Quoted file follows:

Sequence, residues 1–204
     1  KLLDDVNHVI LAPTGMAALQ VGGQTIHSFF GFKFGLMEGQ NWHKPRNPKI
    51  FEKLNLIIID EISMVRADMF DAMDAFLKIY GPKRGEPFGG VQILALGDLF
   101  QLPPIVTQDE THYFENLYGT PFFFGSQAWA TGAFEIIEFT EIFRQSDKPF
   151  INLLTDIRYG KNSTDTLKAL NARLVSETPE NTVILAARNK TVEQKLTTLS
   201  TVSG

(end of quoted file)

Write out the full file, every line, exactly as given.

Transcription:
Sequence, residues 1–204
     1  KLLDDVNHVI LAPTGMAALQ VGGQTIHSFF GFKFGLMEGQ NWHKPRNPKI
    51  FEKLNLIIID EISMVRADMF DAMDAFLKIY GPKRGEPFGG VQILALGDLF
   101  QLPPIVTQDE THYFENLYGT PFFFGSQAWA TGAFEIIEFT EIFRQSDKPF
   151  INLLTDIRYG KNSTDTLKAL NARLVSETPE NTVILAARNK TVEQKLTTLS
   201  TVSG